Date of Award
Master of Science (MS)
School of Kinesiology and Recreation
Anthony J. Amorose
PURPOSE: Understanding how to best “sell” physical activity (PA) is a critical goal. This study investigated the effects of message framing on motivation to participate in a PA program, and tested whether the effectiveness of messages framed to promote either affective benefits, physical health benefits, or a combination of benefits varied based on one’s current PA status.
METHODS: Adult participants (N=188) from a Midwestern university, who were recruited via email, completed an online survey assessing demographic information and current stage of change. They then viewed one of four randomly assigned promotional flyers for a PA program offered on campus. The flyers mentioned either the: (a) affective benefits of program participation (e.g., improved mood), (b) physical health benefits (e.g., improved fitness), (c) a combination of affective and physical health benefits, or (d) a control message noting some generic aspects of the program (e.g., clean facilities). After viewing the flyer, participants responded to a series of questions about the content of the flyers (manipulation checks) and their perceived behavioral control for participating in the program, followed by their interest in the program, intention to participate, the likelihood of participating, and whether they wanted to sign-up.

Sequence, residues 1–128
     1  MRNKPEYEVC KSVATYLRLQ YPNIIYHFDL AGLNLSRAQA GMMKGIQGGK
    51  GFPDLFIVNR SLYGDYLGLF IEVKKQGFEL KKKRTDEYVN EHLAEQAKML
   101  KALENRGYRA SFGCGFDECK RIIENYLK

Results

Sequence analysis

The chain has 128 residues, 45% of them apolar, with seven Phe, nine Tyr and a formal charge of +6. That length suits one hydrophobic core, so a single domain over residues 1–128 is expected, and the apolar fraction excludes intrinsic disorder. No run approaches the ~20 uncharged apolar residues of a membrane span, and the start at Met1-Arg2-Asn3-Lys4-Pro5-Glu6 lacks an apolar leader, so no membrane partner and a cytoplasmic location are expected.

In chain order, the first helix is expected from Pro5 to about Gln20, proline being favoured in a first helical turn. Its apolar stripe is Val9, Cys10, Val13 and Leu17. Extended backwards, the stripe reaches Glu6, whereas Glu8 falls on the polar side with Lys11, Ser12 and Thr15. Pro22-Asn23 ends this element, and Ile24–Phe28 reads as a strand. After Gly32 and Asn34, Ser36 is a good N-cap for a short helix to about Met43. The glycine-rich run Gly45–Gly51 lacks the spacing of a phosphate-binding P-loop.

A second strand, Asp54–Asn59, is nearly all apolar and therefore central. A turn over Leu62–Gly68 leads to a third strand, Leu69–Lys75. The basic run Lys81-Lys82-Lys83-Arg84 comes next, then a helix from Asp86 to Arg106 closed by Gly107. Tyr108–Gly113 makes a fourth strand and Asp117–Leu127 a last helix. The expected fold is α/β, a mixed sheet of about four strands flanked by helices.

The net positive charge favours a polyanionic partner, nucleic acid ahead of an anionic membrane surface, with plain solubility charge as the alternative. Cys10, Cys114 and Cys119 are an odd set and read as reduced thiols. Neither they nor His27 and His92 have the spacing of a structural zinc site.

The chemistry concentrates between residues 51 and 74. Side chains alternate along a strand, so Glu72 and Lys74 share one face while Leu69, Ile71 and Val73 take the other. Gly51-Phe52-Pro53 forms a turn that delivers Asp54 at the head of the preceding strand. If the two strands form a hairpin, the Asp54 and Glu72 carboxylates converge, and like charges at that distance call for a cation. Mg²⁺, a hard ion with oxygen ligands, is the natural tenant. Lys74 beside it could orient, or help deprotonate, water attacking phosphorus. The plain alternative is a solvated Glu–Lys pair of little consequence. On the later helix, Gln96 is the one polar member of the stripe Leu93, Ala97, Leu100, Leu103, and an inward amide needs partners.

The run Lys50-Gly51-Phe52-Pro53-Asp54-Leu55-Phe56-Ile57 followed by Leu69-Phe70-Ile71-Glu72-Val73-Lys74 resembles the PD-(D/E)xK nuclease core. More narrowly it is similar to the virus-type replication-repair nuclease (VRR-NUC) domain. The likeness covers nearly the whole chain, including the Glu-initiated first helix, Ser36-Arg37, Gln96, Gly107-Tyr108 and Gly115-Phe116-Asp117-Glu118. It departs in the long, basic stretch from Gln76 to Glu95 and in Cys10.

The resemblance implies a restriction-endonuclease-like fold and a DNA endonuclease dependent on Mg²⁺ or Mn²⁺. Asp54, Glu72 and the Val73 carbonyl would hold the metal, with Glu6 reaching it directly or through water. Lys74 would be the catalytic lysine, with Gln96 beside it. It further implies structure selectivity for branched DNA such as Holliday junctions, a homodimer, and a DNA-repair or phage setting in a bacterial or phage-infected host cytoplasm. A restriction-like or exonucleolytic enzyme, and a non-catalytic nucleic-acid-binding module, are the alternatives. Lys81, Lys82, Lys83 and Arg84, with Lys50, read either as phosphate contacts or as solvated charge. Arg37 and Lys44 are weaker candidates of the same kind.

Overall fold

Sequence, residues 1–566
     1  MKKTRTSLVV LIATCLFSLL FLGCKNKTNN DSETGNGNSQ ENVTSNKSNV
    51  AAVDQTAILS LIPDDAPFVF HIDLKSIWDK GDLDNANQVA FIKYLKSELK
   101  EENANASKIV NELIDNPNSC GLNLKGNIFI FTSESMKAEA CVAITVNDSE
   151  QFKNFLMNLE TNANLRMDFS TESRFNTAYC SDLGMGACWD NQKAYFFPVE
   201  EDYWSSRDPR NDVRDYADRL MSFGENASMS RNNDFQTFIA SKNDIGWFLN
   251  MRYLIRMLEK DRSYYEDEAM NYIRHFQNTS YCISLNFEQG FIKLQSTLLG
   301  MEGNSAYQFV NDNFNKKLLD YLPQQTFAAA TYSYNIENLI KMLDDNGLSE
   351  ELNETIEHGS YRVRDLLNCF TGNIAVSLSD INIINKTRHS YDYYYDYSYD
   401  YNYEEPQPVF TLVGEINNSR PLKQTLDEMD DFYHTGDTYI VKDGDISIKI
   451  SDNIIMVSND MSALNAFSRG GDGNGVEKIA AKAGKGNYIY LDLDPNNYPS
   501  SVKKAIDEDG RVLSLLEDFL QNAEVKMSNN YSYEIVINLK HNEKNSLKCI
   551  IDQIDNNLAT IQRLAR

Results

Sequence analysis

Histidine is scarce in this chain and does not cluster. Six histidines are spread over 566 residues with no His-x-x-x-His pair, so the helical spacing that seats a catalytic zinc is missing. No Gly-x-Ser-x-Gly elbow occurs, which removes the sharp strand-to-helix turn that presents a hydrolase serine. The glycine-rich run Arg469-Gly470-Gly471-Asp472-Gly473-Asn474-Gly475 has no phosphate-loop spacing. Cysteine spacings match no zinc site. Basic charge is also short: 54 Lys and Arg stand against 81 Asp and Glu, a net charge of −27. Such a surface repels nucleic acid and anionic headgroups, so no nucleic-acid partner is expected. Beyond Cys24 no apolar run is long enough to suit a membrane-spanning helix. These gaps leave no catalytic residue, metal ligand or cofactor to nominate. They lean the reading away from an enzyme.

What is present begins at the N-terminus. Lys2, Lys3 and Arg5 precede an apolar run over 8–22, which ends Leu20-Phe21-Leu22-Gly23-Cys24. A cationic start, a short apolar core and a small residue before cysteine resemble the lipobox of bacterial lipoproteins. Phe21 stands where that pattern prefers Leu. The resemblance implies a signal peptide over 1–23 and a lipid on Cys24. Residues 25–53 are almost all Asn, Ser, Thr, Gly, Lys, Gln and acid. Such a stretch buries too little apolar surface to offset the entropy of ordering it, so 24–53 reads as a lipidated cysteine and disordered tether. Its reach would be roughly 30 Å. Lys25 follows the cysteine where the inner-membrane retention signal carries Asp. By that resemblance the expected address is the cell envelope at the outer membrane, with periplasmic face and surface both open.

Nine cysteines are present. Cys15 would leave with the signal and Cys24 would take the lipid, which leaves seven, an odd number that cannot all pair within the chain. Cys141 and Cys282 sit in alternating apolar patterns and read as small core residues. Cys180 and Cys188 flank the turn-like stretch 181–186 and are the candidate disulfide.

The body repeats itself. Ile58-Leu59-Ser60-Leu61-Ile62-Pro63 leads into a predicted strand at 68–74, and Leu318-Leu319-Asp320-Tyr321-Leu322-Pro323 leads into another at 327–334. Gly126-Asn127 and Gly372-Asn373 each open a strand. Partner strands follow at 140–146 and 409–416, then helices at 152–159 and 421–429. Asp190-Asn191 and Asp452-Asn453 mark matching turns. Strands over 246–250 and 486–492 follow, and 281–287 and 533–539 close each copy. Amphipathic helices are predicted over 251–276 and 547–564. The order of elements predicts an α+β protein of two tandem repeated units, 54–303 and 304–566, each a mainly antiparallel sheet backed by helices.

RESULTS: A series of 2 (PA status: active, non-active) x 4 (message: affective, physical health, combination, control) ANCOVAs found that, after accounting for perceived control, the effectiveness of the different promotional messages on intention and likelihood of participating varied based on the respondents’ PA status. The major finding was messages promoting affective benefits led to significantly greater intention and likelihood of participation for those who are active. For the non-active participants, however, messages promoting physical health benefits led to significantly greater intention and likelihood of participation compared to other messaging types. No group or message differences were found with regard to interest in the program. Further, a chi-square analysis found no differences in participants’ yes or no response to wanting to schedule a session in the program at that time.
CONCLUSION: Using message framing to sell PA may help increase intention and likelihood to participate. However, the type of message that effectively promotes PA appears to vary depending on the message receiver’s current PA.
Hevel, Derek James, "Testing the Effects of Message Framing on Physical Activity Motivation in Active and Non-active Adults" (2018). Theses and Dissertations. 862.